‘Warnings’ helped Armstrong evade inspectors

Lance Armstrong was “warned before all planned doping controls”, an adviser to the French anti-doping agency AFLD has said.

Michel Rieu, scientific adviser to AFLD, said this was only one of the methods the American used to escape detection of his doping.

“The inspectors encountered many difficulties in making unannounced checks. Armstrong was always informed in advance, so he still had 20 minutes to cover his tracks. He could thin his blood or replace his urine. He used the EPO only in small quantities, so it was no longer there to detect. We were powerless against this way of working,” Rieu told Le Monde.

He also claimed that Armstrong used a large network to help him with his doping, and his avoidance of positive doping controls. “Armstrong let himself be surrounded by many physiologists. Also in the logistics field, everything was possible. The rumour was that his private jet was flying blood in from the United States.”

Armstrong was on Friday given a lifetime ban by the US Anti-Doping Agency, with all his results since August 1998, disqualified, including his seven Tour de France victories. He had chosen not to challenge doping charges which the American agency had brought against him.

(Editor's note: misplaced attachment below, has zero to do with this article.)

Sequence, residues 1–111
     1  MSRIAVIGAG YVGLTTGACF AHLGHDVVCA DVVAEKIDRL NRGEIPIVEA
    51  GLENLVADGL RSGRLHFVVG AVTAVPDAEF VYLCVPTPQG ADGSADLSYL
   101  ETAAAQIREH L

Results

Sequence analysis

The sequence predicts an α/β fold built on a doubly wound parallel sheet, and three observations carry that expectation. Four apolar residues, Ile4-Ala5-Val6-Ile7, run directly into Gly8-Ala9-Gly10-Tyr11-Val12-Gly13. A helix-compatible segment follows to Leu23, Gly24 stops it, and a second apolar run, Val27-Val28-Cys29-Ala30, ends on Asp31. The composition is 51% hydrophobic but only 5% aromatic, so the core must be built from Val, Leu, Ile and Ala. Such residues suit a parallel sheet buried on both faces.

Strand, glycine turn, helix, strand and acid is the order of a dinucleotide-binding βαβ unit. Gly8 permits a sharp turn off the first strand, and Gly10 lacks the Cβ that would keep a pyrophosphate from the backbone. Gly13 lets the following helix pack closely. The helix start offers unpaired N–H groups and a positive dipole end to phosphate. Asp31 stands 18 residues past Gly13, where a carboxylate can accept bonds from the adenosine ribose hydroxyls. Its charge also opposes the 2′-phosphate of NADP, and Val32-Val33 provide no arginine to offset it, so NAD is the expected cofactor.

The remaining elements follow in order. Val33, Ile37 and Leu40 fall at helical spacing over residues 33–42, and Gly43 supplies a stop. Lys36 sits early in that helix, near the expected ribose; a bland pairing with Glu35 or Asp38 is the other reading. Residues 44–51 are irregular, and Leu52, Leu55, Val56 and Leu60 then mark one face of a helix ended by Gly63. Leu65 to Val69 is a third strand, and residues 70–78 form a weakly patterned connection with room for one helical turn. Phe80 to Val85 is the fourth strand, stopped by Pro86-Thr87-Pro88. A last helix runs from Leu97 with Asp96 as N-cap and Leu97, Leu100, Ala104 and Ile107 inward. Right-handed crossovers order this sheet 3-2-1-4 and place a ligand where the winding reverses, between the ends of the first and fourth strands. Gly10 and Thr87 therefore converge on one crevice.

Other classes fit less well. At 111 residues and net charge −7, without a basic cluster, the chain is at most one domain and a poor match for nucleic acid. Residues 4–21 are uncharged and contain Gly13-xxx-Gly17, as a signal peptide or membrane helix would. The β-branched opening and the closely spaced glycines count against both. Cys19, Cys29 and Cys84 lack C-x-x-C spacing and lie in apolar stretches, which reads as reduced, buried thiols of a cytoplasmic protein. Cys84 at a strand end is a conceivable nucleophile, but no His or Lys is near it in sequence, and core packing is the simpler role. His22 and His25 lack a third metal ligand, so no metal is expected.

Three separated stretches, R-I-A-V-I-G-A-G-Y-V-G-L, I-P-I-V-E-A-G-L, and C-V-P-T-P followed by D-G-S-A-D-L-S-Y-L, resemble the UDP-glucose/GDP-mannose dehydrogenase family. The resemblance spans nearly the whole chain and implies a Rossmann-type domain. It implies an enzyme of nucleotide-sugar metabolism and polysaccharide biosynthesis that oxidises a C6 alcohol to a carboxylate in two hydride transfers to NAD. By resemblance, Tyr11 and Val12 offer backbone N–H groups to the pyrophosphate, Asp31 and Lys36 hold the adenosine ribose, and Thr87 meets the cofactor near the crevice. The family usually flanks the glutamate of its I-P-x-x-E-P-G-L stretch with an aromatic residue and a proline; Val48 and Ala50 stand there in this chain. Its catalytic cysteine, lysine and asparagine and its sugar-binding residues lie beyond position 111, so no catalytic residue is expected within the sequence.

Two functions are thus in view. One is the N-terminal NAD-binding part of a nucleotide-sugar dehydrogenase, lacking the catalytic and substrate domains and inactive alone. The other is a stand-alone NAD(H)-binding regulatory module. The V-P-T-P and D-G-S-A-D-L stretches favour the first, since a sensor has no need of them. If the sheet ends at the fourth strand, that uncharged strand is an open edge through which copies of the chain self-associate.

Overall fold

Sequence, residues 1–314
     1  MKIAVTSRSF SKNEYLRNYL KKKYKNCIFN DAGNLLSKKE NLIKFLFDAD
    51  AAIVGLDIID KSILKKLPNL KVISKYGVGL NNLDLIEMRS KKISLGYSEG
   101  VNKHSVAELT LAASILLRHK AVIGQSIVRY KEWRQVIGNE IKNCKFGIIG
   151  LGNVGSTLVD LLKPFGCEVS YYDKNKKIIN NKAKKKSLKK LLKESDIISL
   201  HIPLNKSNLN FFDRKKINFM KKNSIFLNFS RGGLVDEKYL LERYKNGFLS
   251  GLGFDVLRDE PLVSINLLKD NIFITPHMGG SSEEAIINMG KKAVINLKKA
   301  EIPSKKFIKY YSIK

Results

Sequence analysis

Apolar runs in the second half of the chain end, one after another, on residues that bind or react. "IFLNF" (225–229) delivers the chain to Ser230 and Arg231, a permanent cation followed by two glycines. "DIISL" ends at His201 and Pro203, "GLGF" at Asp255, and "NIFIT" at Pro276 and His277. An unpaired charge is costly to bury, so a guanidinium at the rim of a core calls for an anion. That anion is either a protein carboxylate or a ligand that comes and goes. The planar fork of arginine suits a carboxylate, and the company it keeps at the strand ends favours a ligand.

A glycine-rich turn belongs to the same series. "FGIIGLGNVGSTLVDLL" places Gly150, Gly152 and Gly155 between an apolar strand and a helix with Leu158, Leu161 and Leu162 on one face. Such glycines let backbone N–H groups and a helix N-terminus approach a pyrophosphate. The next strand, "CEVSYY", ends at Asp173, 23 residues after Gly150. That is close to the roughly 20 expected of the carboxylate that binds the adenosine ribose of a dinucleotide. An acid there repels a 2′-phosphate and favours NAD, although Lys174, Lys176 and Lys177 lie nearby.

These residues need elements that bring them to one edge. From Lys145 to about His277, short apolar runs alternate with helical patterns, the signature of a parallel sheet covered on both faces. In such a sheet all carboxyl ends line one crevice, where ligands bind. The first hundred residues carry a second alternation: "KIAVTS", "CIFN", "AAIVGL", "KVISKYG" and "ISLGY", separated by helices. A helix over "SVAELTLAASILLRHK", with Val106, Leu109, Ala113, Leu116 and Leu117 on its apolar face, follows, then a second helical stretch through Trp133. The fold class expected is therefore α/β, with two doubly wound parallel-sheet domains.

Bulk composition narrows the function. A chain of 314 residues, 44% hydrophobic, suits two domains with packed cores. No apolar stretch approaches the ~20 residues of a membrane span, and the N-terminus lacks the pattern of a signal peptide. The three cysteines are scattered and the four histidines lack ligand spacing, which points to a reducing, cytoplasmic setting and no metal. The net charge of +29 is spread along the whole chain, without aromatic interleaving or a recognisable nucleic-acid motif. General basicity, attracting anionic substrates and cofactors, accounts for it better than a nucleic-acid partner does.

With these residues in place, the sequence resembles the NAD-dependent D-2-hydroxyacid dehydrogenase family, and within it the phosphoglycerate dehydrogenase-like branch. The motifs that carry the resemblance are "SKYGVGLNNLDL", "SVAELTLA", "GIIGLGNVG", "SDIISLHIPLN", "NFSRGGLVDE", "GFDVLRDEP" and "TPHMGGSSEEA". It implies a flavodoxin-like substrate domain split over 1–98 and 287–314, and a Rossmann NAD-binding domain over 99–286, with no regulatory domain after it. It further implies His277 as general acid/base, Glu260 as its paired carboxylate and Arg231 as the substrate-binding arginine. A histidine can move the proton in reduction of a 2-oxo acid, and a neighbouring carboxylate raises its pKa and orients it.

Meanwhile, Armstrong says he is not looking for sympathy after the USADA stripped him of his seven Tour de France titles.

Speaking in Aspen, Colorado, where he finished second in a 36-mile mountain bike race behind 16-year-old rider Keegan Swirbul, Armstrong, who has never failed a drugs test was in no mood for self-pity.

“Nobody needs to cry for me, I’m going to be great,” he told reporters.

“I have five great kids and a wonderful lady in my life. My foundation is unaffected by all the noise out there.”


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